"We hope most things will be back open in three months," says Hompont Boonpeang, a chef at the Royal Palm Restaurant, one of the few beach road eateries back in business. Where two cars had been lodged in the open-air dining room, three tables of tourists eat lunch and look out over the battered Holiday Inn. "It's still very slow," he says, laughing. "No tips. And I start to worry about my salary, too."
He's a cheerful, round-faced man, and it's long into a joking chat that he mentions that seven members of his family were killed by the wave, including his mother. She gave massages on the beach.
A vendor sets up Surin Beach for the tourists who are trickling back to Thailand's Phuket Island.
(Apichart Weerawong - For The Washington Post)
Most of the worst-damaged beachfront buildings have been cleared away. But there remain a few truly monstrous ruins. A guesthouse is crumpled like tinfoil. It's impossible not to imagine being shoved through those jagged heaps of concrete by the incalculable weight of the Indian Ocean. It's impossible not to glance again at the sea, which is as meek as a spring pond.
Theresa Miller walks the beach, stopping to place a flower in the little garden of 235 placards stuck in the sand, each inscribed with the name of someone killed on Phuket. She's from Winthrop, Wash., and she and her husband have just stopped here for some beach R&R after an annual stint of volunteer work in Cambodia. It's been a routine for nine years. This time it's heartbreaking, she says, but they never considered not coming.
"The beauty is just overwhelming here," she says. "It reminds me more than anything that life goes on."
A Solemn Ceremony
And finally, it's time to send the ghosts away. The Thais, mostly Buddhists and animists, are an admittedly superstitious lot, and everyone has a spooky tale to tell. Kan Nathong, the tour guide, heard of a taxi driver who picked up a group of foreign tourists soon after the tsunami. "When they reach their hotel," she says breathlessly, "he couldn't get the money from them. They were spirits."
Such stories make many workers -- and no doubt some potential tourists -- openly nervous, and nothing may indicate Phuket's yearning for normalcy more than the recent series of public exorcisms. Called merit-making ceremonies, they are a Buddhist ritual meant to speed the lingering spirits of the dead on to the next world. One in Khao Lak last week filled a stadium. This morning, several dozen locals and a handful of tourists gather not far off the beach in Bang Tao.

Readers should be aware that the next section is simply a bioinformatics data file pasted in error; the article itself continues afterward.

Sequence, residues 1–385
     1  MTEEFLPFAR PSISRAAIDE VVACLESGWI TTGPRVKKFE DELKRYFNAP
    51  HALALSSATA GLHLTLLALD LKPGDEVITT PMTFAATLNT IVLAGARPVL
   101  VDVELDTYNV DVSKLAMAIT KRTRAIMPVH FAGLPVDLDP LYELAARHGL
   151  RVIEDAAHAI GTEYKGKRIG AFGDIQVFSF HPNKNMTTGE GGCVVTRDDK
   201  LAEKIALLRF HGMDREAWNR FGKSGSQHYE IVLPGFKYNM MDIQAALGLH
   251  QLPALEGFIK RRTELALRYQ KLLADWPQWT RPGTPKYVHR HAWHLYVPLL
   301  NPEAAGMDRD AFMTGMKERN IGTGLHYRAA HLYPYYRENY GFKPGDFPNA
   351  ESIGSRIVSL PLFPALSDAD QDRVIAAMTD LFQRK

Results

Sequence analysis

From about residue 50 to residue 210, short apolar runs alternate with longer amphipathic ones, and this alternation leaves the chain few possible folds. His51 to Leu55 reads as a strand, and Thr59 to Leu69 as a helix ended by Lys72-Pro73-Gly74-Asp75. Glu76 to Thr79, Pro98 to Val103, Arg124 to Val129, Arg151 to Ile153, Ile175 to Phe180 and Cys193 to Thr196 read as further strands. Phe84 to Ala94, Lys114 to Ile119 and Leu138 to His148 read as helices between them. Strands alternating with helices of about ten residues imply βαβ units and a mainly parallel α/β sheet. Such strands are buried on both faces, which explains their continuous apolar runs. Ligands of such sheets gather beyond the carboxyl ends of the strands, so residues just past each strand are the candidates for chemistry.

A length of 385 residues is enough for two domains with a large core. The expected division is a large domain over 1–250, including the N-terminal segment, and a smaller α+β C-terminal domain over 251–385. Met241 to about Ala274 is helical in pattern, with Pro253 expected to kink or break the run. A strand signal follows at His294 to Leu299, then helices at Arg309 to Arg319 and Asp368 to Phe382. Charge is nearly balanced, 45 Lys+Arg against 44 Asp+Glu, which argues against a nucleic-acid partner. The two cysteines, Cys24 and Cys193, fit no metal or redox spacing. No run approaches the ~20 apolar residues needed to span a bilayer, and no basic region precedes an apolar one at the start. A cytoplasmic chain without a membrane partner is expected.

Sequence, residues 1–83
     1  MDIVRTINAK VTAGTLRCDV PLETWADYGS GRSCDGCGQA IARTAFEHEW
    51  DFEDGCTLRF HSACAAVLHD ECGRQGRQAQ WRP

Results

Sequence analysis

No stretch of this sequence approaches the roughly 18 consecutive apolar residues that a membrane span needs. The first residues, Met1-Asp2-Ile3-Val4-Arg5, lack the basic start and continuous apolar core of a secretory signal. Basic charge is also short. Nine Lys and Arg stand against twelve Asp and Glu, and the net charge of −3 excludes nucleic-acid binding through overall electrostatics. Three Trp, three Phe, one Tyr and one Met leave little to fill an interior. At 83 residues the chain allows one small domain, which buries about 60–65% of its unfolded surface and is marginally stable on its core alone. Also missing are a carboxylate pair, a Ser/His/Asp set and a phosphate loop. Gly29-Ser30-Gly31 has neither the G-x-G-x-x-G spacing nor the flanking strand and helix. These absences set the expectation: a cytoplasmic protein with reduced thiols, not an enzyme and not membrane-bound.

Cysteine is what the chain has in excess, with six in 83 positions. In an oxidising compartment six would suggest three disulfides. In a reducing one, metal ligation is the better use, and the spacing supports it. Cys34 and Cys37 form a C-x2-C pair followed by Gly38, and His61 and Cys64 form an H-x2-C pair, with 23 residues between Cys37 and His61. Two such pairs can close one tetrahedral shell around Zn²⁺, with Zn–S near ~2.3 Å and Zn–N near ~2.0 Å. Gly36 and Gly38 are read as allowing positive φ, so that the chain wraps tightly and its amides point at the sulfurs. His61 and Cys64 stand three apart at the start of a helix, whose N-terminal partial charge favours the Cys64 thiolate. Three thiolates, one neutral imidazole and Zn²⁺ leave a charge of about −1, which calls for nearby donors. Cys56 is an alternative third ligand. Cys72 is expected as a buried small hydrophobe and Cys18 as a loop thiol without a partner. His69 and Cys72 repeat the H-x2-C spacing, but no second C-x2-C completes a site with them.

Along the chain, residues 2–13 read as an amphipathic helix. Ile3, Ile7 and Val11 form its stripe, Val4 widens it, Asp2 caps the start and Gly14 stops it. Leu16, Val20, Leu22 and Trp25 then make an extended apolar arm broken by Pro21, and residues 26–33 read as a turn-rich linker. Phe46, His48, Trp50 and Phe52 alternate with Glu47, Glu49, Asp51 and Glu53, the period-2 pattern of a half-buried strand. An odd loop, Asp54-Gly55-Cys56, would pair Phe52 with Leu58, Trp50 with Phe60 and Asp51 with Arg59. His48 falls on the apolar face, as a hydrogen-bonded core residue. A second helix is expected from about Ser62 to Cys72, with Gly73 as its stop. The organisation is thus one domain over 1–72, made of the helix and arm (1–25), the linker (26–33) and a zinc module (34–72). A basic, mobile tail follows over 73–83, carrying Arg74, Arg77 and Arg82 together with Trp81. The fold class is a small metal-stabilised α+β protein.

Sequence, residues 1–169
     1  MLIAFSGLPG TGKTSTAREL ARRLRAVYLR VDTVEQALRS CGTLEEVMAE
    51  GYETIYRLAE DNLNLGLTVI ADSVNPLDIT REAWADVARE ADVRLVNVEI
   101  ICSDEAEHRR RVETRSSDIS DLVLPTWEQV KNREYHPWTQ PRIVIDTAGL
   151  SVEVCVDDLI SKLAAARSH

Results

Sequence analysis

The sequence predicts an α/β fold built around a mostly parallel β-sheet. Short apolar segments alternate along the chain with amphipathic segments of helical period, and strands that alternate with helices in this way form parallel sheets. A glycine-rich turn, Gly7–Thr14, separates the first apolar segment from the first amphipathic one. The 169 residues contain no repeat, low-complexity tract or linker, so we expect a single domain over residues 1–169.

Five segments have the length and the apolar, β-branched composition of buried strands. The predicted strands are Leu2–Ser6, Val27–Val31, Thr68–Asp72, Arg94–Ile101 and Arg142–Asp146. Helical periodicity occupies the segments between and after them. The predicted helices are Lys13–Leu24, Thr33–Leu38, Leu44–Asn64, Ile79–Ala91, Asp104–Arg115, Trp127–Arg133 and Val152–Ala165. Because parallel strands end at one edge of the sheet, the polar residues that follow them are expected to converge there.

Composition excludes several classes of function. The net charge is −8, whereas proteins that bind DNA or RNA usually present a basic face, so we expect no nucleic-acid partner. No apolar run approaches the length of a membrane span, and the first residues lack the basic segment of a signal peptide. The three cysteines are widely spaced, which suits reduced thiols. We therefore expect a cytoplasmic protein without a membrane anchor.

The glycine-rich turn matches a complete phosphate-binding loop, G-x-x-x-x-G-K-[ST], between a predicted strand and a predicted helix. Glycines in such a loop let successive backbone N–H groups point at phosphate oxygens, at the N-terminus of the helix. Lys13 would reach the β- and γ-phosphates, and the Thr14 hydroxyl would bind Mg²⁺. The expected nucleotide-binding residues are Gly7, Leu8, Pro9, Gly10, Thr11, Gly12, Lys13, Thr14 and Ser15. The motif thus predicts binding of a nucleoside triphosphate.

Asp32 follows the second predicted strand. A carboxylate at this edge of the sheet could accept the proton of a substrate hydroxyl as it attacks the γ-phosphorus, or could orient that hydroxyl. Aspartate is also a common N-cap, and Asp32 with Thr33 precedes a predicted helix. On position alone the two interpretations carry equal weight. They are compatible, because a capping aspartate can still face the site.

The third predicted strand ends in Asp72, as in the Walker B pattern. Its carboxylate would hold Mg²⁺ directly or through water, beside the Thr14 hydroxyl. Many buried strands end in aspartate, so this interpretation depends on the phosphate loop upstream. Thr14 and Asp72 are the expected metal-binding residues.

A line of nine Buddhist monks moves slowly along a table crowded with offerings, accepting baskets of goods from the gathered faithful. A placid breeze stirs the saffron robe of the eldest monk as he takes a basket of alms -- rice, sticks of incense, fruit, boxes of juice and milk, cans of sardines -- from a young man wearing the tunic of a hotel bellman. The old man nods gently; the young one makes a respectful wai, his hands pressed together as he lowers his face to his fingertips. Next to the bellman, a woman in a hostess dress with a Sheraton name tag hands fresh orchids across the table to another monk; then come several men in kitchen whites, a pool boy in khaki shorts. There are dozens of hotel employees crowding the table, in the uniforms of five surrounding resorts.
As the monks pass and the baskets and bags change hands, the workers are reverent in the inimitably graceful way of the Thais. But then they turn happily to their neighbors to laugh and talk. It's a beautiful morning; the mood is high. A month after the tragedy, it's time for the dead to go and for life to go on.
"It makes me feel good to do this," says Nui, a young woman whose family owns a restaurant on the nearby beach. The thatch-roofed building was only slightly damaged by the wave, and Nui's family reopened it within a few days. They set up each day and await the tourists. "Now I think spirits can be happy and people here can be happy. People can come back here now."
Steve Hendrix will be online to discuss this story Monday at 2 p.m. during the Travel section's weekly forum at www.washingtonpost.com.